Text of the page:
‘Hideaway,’ by Dean Koontz

Pornography is the new mechanics of sex without the emotional context: lust ceaselessly indulged, love eternally unmentioned. That is also how novels of the supernatural read to me when they make much of otherworldly horror but say nothing of otherworldly redemption.

So I wrote a novel that dealt with both sides of the equation, in the belief that the forces of darkness seem more real and scarier when they are one half of a balanced narrative that includes the forces of light—just as making love with a cherished partner is immeasurably better than finding satisfaction in a porn film.

The passage above does not come from the text of Dean Koontz’s novel, Hideaway, but from an afterword to this edition, in which he reminisces about the book’s reception. He tells us how it became the first of his novels to receive a substantial amount of hate mail – because it assumes the existence of God. And he tells how it got made into a film – and how he eventually lost the artistic control he’d been promised but managed to get his name (mostly) removed from the film’s advertising, so great was his disgust with the final product.

When Hatch and Lindsey Harrison go off an icy mountain road in their car, victims of a drunk truck driver, they end up in a freezing river. Hatch dies and Lindsey barely survives. But by good fortune, the world’s foremost center for “re-animation” is only minutes away. A dedicated medical team brings Hatch back to life – after a record time dead, and amazingly without visible injury.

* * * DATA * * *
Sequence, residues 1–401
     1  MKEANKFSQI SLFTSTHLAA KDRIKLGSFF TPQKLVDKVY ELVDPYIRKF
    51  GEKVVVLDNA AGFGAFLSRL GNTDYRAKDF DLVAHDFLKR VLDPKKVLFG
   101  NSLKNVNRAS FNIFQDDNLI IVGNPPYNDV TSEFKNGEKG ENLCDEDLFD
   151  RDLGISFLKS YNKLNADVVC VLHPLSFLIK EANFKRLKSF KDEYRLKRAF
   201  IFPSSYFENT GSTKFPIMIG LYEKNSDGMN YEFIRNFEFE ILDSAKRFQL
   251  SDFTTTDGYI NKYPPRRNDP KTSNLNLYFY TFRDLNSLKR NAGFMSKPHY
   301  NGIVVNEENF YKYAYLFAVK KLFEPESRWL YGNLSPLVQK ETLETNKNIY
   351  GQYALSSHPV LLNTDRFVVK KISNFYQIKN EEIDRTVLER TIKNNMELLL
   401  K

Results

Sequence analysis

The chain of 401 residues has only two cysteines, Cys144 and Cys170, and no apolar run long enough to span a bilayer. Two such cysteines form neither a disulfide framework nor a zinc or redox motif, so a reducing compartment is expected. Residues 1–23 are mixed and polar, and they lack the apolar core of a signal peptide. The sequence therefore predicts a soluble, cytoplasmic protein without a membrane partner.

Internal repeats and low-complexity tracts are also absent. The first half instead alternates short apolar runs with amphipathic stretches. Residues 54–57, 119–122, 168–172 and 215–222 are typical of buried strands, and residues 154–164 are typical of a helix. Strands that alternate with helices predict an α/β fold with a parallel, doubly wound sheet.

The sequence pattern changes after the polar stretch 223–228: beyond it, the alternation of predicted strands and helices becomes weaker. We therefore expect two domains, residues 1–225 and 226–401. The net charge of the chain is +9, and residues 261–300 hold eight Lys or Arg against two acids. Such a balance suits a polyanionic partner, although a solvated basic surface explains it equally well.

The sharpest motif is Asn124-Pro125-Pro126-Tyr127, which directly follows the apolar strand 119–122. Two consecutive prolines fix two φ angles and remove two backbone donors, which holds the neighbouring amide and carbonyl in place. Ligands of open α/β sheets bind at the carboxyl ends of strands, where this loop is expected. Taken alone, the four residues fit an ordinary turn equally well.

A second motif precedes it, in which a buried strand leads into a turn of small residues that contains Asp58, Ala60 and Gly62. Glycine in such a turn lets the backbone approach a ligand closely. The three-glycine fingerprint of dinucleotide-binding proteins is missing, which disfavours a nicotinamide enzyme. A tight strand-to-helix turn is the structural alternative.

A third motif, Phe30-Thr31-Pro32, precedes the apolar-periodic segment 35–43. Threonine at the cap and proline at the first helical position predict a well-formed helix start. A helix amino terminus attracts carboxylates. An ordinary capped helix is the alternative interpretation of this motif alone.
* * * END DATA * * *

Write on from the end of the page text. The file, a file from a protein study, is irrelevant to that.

In the flush of a second chance, the couple decides to rebuild their life. Their major decision is to adopt a disabled child, a beautiful, spunky, and smart girl named Regina. Their second chance seems to be both physical and spiritual.

But somewhere in the darkness, in a secret place, there lurks a monster – an evil young man with a supernatural link to Hatch. This man worships Satan, and lives to kill. Through their psychic tie, the two men became aware of each other – Hatch is horrified, but the monster sees in his family the perfect prey he’s been hunting for.

I’d actually read Hideaway before, but I’d forgotten it almost completely, and the suspense was unimpaired on this reading. And suspense there was. I’d call Hideaway a tour de force in the tradition of C.S. Lewis’s That Hideous Strength – a story where good is portrayed in heartbreaking beauty, while evil is exposed in all its banality and repulsiveness. I hardly made it through this book, but it was rewarding. And essentially a Christian story.

Recommended, with cautions for grotesquery and intense suspense.

2 thoughts on “‘Hideaway,’ by Dean Koontz”

  1. YES, a thousand times yes.

    This is exactly the problem with so much modern fantasy – I think I realized it first watching Buffy -evil is real and powerful, but Good is on the sidelines waiting for humans to handle things on their own.

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